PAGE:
AIMEE MANN: CHARMER (2012)
1) Charmer; 2) Disappeared; 3) Labrador; 4) Crazytown; 5) Soon Enough; 6) Living A Lie; 7) Slip And Roll; 8) Gumby; 9) Gamma Ray; 10) Barfly; 11) Red Flag Diver.
Okay, I happily admit to having been wrong. This is by no means an innovative or unpredictable record, but it definitely soars above «mediocre». Essentially, this is Smilers done right. Same laid back atmosphere, same laziness, same meditative vocals, same silly synthesizers, same humbleness — but with more electric guitars, deeper production, and, most importantly, with better written songs. This is at least as consistent as Forgotten Arm, maybe more so, and it has a couple instant classics for all future gold compilations.
Since the themes of the record do not differ much from Aimee's usual bag — mainly character assassinations, varying only in degrees of abstraction — it is gracefully short, curtseying out of sight some time before the fourty-minute barrier is over, and for most people, there will probably be a couple pieces of moody, but insubstantial filler, making its charms even shorter (me, I do not care for the dreary-slow waltz of ʽSlip And Rollʼ). And that is good: humble albums have to have humble lengths, even if a three year period might seem like a long enough term to write up a CD all the way to its limits.
Cut to the chase: ʽCharmerʼ (the title track) kicks in with a ridiculously catchy «kazoo synth» melody, attenuated by some friendly vocal humming companionship, and this makes it into the most irresistible album opener since ʽHumpty Dumptyʼ — ten years, give or take. The lyrical matter (a sarcastic jab at the quintessential charismatic leader, cleverly set for election year) does not really matter — all that matters is that silly-sweet synth pattern, drifting in and out of Aimee's free-flowing, intelligent singing. Which is what makes Aimee into a first-rate artist: she could just as well be singing about tying her bootlaces, and the song would still produce the same impression — but the lyrics are quite clever anyway.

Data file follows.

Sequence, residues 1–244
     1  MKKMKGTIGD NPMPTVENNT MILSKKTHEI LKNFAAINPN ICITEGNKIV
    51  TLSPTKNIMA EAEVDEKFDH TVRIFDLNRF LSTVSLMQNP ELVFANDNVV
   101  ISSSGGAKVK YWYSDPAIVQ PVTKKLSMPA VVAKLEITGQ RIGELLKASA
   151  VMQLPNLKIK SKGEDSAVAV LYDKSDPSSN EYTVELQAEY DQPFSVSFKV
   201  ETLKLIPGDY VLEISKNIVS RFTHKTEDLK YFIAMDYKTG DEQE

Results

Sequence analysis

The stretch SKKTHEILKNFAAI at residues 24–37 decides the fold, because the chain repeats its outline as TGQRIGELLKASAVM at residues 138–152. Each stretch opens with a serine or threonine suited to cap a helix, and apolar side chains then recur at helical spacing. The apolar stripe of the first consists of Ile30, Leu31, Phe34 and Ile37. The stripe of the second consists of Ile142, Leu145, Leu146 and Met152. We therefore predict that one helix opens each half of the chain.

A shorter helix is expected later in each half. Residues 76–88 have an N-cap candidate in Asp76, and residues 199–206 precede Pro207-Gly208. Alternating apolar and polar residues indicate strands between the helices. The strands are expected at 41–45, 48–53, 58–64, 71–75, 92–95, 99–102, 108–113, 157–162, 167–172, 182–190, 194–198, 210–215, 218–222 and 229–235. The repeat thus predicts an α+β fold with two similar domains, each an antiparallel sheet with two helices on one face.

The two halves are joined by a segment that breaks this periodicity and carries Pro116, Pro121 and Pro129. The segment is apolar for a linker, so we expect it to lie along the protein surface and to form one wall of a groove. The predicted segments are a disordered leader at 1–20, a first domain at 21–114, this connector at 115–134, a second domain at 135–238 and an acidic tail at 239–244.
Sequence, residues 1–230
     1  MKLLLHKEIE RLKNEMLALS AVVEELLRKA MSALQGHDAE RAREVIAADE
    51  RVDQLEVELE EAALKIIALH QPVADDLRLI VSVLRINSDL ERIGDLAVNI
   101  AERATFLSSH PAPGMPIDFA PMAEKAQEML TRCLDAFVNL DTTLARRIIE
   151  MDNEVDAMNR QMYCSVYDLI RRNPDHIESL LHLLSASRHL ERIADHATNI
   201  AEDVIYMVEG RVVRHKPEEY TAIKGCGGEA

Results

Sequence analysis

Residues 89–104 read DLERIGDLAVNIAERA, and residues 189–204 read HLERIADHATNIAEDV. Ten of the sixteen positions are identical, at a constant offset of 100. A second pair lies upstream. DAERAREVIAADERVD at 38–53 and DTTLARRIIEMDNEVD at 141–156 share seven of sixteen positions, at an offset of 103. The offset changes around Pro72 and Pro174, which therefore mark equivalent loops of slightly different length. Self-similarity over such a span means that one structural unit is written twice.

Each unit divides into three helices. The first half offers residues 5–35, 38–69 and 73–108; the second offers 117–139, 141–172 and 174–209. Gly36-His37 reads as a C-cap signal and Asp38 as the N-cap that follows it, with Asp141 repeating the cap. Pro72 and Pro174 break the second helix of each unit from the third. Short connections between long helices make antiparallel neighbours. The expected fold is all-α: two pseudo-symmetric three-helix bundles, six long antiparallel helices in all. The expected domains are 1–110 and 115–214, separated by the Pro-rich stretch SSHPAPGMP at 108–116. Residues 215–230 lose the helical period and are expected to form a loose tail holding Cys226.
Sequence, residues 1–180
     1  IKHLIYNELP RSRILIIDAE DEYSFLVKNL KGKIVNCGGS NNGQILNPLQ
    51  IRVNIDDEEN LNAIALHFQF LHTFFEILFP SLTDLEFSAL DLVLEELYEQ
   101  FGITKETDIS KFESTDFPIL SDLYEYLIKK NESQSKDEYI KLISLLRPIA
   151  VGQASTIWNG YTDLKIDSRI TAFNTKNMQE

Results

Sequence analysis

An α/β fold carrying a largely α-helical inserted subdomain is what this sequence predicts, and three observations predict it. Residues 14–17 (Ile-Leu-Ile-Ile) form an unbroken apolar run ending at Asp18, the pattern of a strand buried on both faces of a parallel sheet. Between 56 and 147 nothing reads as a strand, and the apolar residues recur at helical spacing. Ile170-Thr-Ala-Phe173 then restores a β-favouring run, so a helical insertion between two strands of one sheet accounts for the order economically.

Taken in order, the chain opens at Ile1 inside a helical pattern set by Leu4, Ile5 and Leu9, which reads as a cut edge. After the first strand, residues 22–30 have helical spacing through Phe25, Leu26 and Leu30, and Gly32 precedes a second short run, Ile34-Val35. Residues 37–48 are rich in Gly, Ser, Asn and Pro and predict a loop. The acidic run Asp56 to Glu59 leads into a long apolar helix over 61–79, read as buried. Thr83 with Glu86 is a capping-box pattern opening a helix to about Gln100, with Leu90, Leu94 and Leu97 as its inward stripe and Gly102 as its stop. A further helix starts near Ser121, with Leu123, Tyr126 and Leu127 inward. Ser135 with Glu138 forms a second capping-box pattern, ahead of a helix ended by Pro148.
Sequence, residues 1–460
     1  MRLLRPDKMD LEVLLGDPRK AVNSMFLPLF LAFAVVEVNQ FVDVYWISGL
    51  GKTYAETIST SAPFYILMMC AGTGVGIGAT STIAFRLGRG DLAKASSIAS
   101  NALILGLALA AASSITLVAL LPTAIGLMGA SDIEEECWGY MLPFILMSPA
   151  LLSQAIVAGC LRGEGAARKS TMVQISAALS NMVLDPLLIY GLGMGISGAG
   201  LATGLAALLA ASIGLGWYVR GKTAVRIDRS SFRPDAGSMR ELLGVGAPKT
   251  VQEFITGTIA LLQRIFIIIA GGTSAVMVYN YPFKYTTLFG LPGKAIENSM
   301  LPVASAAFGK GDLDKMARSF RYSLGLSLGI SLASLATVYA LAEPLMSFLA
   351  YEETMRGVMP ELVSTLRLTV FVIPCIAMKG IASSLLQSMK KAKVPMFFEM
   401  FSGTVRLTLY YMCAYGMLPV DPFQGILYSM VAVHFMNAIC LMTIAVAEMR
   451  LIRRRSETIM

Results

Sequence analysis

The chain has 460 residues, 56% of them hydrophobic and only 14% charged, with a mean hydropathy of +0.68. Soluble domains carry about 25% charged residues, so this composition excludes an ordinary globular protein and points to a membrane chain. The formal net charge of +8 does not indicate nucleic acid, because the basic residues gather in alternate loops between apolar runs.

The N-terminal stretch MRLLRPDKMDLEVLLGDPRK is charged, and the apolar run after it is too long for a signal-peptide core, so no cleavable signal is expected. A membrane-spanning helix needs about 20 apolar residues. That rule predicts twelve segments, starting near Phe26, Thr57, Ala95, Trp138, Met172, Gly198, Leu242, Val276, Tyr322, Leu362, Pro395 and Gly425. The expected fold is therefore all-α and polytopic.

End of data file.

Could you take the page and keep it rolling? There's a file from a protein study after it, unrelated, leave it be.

That strange passion for synthesizers that got rekindled with Smilers is still with her — and, apparently, cooks her up a good name with today's critics, some of which nostalgize quite heavily about their long-gone days of listening to 'Til Tuesday. Not that anything on Smilers or here really sounds like anything that Aimee did in her 'Til Tuesday days — that was in a different world — but it is a possibility that Aimee herself regards this new passion as a rejuvenating move. More power to her, anyway, if it helps her write songs as fine as ʽCrazytownʼ, where the synth line acts as a sorrowful counterpart to her conspicuously «light» vocals. "The girl lives in crazy town / Where craziness gets handed down / Whoever's gonna volunteer / Will only end up living here" is fairly bleek, but her intonations introduce the picture as amusing rather than tragic — and that's good old Aimee for you, always throwing on a cloak of ironic intellectualism over simple emotions, just the way we like it.
The best number on the album, however, is neither ʽCharmerʼ nor ʽCrazytownʼ. It is ʽSoon Enoughʼ, a noble epic in the vein of old warhorses like ʽDeathlyʼ — in fact, I could easily see it making its way onto the Magnolia soundtrack, provided P. T. Anderson still had some spare footage in the vaults for a «new director's cut» or something. It is undescribable — it's all in the vocal hooks this time, and the hooks are mostly intonational and could only come from Aimee — but it is the perfect combination of a little melancholy, a little irony, and a little desperation on top of a bombastic arrangement (capped off with a screechy guitar solo). It's just the kind of song that Smilers so desperately needed to get to the appropriate level.
Other good ones include ʽLabradorʼ (sounds like a Forgotten Arm outtake with all these «tired» harmonies, but an unjustly lost one), the harder-rocking ʽGamma Rayʼ (with a sci-fi battle between the «cosmic» synthesizer and the psycho guitar, as would befit the title), and the rootsy ʽBarflyʼ, whose guitar hook and nonchalant attitude could almost reflect a J. J. Cale influence. But honestly, most of them are good.
In the end, it was all well worth the wait and the non-forgetting. Aimee is not young anymore (although I do have to say that she generally sounds younger here than on Smilers — maybe it's because the singing is «clearer», not as much loaded with deep nasal twang as it was), and her recession into black holes, dark corners, introspection and humility will bar her from making a Bachelor No. 3 or a Found In Space, but she still has her head on, she still rocks when she wants to, and if she can still write one great song per year on the average, that is actually more than is needed to keep her on a steady payroll. At this time, we probably couldn't expect any better — count this as a fully satisfied thumbs up, and one of 2012's best.
Check "Charmer" (MP3) on Amazon